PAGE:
With regard to the diagnosis of amoebic colitis, current techniques include microscopy, antigen detection, serology, molecular techniques, and colonoscopy with histological examination. The best diagnostic results are yielded by the combination of serology or antigen testing, together with identification of the parasite in stool samples or extraintestinal sites. Identification of E. histolytica in stools by direct wet mount microscopic examination alone can yield a significant proportion of false- positive results [7], with conventional microscopic examination of one a single stool sample showing very low sensitivity (25%). However, sensitivity can be increased to 80% by examining a minimum of three samples on separate days. Furthermore, E. histolytica is indistinguishable from E. dispar or E. moshkovskii (generally considered nonpathogenic amoebas) in direct microscopic examination, making a definitive diagnosis of E. histolytica difficult. Therefore the facilities to perform at least one more specific assay, particularly an antigen test, must be available in every laboratory [7].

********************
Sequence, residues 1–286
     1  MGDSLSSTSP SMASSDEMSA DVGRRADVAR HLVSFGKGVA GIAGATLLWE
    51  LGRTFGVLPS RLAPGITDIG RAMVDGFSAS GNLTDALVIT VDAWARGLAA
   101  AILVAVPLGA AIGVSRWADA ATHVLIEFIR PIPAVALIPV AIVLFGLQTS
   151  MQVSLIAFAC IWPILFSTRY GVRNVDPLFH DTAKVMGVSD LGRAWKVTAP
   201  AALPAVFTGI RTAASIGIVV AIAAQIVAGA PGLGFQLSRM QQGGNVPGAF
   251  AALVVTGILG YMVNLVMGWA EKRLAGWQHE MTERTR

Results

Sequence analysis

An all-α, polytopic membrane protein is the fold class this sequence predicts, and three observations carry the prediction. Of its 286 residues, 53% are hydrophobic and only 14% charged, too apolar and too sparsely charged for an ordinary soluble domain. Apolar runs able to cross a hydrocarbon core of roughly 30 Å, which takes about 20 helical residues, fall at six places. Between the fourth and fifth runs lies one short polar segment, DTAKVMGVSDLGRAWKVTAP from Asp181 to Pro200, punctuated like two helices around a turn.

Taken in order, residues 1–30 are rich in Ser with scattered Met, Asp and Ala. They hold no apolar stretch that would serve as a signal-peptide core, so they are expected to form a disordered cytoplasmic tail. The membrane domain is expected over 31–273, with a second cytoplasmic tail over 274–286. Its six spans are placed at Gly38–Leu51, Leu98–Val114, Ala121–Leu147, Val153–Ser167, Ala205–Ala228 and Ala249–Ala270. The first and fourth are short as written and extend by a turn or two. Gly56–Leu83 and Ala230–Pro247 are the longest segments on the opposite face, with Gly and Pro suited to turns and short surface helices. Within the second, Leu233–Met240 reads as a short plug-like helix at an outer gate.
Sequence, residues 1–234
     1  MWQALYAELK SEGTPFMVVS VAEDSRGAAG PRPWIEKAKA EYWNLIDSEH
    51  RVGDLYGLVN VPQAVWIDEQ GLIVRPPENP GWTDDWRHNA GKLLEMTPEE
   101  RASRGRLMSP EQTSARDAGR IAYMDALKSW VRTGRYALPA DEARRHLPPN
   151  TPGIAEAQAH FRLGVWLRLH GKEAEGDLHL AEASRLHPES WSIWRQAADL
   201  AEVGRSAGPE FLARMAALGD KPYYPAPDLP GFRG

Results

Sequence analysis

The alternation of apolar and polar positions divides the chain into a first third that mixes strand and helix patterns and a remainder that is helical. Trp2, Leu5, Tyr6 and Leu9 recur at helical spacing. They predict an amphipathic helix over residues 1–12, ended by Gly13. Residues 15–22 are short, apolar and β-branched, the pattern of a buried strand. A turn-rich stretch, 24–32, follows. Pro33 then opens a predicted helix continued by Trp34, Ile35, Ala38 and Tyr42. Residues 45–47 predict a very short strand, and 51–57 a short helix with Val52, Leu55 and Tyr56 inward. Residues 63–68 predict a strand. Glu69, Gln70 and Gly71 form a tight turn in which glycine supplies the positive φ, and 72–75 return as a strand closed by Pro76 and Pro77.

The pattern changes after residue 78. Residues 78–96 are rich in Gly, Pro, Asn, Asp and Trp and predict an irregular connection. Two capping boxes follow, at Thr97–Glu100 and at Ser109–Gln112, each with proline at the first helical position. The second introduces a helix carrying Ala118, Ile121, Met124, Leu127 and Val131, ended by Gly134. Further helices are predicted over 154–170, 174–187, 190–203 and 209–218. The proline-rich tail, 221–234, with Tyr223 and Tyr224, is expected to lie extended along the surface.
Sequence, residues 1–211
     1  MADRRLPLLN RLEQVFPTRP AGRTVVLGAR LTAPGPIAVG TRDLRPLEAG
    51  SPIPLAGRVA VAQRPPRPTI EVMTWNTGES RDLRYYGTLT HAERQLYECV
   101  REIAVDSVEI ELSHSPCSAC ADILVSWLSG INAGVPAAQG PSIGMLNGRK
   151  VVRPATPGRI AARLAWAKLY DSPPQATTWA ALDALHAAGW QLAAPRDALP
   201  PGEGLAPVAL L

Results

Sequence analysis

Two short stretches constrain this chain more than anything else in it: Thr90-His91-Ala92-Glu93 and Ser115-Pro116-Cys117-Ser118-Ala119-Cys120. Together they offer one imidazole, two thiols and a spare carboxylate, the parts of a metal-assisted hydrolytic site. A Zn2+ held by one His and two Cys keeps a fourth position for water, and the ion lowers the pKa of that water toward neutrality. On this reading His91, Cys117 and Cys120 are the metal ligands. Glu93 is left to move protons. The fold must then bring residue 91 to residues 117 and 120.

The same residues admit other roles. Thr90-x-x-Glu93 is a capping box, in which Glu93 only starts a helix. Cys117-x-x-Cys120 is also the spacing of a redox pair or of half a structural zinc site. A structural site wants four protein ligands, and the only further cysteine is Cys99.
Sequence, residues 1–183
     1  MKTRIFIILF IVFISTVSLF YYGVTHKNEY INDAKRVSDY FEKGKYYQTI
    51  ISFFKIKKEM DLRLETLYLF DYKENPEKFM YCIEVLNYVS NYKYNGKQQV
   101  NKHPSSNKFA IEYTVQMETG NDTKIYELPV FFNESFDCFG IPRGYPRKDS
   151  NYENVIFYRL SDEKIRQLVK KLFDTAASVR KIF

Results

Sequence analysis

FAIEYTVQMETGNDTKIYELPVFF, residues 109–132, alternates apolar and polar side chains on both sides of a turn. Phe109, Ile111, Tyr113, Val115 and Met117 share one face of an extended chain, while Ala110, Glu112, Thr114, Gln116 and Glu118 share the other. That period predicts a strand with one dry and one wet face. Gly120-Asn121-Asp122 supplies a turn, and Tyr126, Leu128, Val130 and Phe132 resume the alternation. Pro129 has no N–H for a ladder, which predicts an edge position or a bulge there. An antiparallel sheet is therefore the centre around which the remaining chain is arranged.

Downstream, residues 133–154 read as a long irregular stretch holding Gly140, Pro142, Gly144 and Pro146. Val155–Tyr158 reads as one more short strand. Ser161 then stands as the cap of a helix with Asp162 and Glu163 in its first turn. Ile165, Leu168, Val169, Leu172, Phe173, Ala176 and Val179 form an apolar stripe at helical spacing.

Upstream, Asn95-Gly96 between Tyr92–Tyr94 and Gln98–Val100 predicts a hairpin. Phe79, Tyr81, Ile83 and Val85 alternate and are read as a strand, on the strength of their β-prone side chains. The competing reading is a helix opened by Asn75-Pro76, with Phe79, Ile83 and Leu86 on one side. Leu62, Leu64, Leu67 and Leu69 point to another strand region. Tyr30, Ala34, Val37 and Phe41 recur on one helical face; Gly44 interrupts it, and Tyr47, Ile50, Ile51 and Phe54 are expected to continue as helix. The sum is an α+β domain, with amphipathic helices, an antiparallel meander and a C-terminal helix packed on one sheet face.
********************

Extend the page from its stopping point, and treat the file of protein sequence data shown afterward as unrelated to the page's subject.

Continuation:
Field studies that have directly compared polymerase chain reaction (PCR) techniques with stool culture or antigen-detection tests for the diagnosis of E. histolytica infection suggest that these three methods perform equally well [22]. Serum anti-amoebic antibodies have been reported present in up to 90% of patients with symptomatic E. histolytica infection [23]. However, one drawback of serologic testing is that patients remain positive for many years after infection, making it difficult to distinguish new from past infection in regions of the world where seroprevalence is high. This constitutes further justification for reliance on a combination of approaches for the diagnosis of this disease. According to the literature, the microbiological diagnosis of amoebic colitis can be troubling but, considering our results, diagnosis is best accomplished by the combination of compatible symptoms together with the identification of parasites in stools.